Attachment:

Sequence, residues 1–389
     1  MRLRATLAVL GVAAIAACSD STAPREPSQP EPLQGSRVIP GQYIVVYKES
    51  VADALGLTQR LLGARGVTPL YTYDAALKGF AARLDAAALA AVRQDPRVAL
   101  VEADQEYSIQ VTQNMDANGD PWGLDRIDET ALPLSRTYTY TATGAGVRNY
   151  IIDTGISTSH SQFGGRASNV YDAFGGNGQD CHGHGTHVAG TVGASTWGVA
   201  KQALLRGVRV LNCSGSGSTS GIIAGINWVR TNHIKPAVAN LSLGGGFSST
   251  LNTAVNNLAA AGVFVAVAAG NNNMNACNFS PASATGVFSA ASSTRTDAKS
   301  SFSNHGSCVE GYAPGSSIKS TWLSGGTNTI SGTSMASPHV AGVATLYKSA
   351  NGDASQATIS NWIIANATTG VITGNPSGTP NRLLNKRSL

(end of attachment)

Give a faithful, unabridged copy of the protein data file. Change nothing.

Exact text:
Sequence, residues 1–389
     1  MRLRATLAVL GVAAIAACSD STAPREPSQP EPLQGSRVIP GQYIVVYKES
    51  VADALGLTQR LLGARGVTPL YTYDAALKGF AARLDAAALA AVRQDPRVAL
   101  VEADQEYSIQ VTQNMDANGD PWGLDRIDET ALPLSRTYTY TATGAGVRNY
   151  IIDTGISTSH SQFGGRASNV YDAFGGNGQD CHGHGTHVAG TVGASTWGVA
   201  KQALLRGVRV LNCSGSGSTS GIIAGINWVR TNHIKPAVAN LSLGGGFSST
   251  LNTAVNNLAA AGVFVAVAAG NNNMNACNFS PASATGVFSA ASSTRTDAKS
   301  SFSNHGSCVE GYAPGSSIKS TWLSGGTNTI SGTSMASPHV AGVATLYKSA
   351  NGDASQATIS NWIIANATTG VITGNPSGTP NRLLNKRSL